South Africa has no shortage of amazing artistic talent and, when it comes to photography, some of that talent is already internationally renowned – in spite of their humble beginnings in townships.
One need only do a cursory search on Google for “SA photographers making it big” and you’re likely to come up with a list that include Lebohang Kganye, Oupa Nkosi and Zanele Muholi.
And yet, unless it’s in really tight-knit art circles, people seldom talk about the super talented black photographers and where their journey began or, better yet, the hurdles encountered in accessing often costly photo skills classes.
Refilew Modise, a senior photographer at The Citizen, agrees that the costs attached to photography classes are exorbitant and often serve as the main deterrent for young talent to develop their skill.
“For instance, an entry level DSLR [digital camera] can cost around R5,000. Of course, the latest cellphone models are now making it possible to take really great photos but these are also out of reach to most aspiring photographers,” said Modise.
He added that it’s important for corporate social investment or even privately funded projects to provide a springboard for up-and-coming new talent in this field.
One such project is the Of Soul and Joy (OSJ) social and artistic initiative, undertaken in 2012 by Rubis Mécénat Cultural Fund and Easigas, which is open to Grade 9 to 12 pupils at Thokoza’s Buhlebuzile Secondary School as well as out of school youth in Joburg.
Currently launching the third edition of its photo festival on October 26, the OSJ project provides a platform for youth to learn or hone their photography skills and then take part in a themed exhibition of their work.
With this year’s theme, inspired by South Africa’s 25 years of democracy, OSJ also serves as an opportunity for the young artists to delve into and explore the rich and somewhat contentious history of the township and how it’s changed since the tumultuous days of apartheid.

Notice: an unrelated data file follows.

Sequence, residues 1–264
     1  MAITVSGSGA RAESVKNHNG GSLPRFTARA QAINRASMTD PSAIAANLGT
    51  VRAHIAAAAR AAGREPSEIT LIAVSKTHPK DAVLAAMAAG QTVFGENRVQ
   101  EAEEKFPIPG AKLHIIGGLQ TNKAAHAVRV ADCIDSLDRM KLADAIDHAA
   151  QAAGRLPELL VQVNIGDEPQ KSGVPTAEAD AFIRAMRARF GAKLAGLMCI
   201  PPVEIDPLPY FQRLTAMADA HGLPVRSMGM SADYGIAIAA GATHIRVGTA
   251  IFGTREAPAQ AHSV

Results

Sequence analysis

“Young people have a responsibility to know and understand their history and, in the process, use creative platforms to tell their stories boldly,” said OSJ project manager and mentor Jabulani Dhlamini.
“The works created by the Of Soul and Joy students seeks to reflect on and capture a Khumalo Street that is free from political violence but at the same time interrogate its current state.”
Additionally, this year’s programme will also exhibit works created by former and current OSJ students. The festival will also welcome musicians and performers.
An exciting addition to the lineup includes talks and a panel discussion moderated by arts organiser Molemo Moiloa with South African photographers Andrew Shabangu, Jabulani Dhlamini, independent curator and founder of PHOTO, John Fleetwood and other emerging creatives.
Guests can also look forward to an interactive photo booth and have their family or personal portraits taken by OSJ photographers.
New images to be exhibited include a series of works developed under the theme “Khumalo Street, post 1994”.
During the 1990s this notorious street in Thokoza was a no-go area due to the political violence that claimed lives and displaced many families. Among those who lost their lives, was well known community leader Sam Ntuli.
Also to be showcased this year will be a collection of images from the Place of Peace 2018 exhibition by 2012 Alumni Tshepiso Mazibuko, Lindokuhle Sobekwa and Sibusiso Bheka.
- Saturday, October 26 from noon to 6pm
- Buhlebuzile Secondary School
- Free entrance
- Secured parking area
- Food & drinks available
- Free shuttle service from the Market Photo Workshop at 138 Lillian Ngoyi St (old Bree St), Newtown to Thokoza at noon
- Last shuttle will leave at 2pm and return at 6pm
- Shuttles will also leave from 558a Lenkoe Street, Phiri, Soweto to Thokoza at 1pm and return at 6pm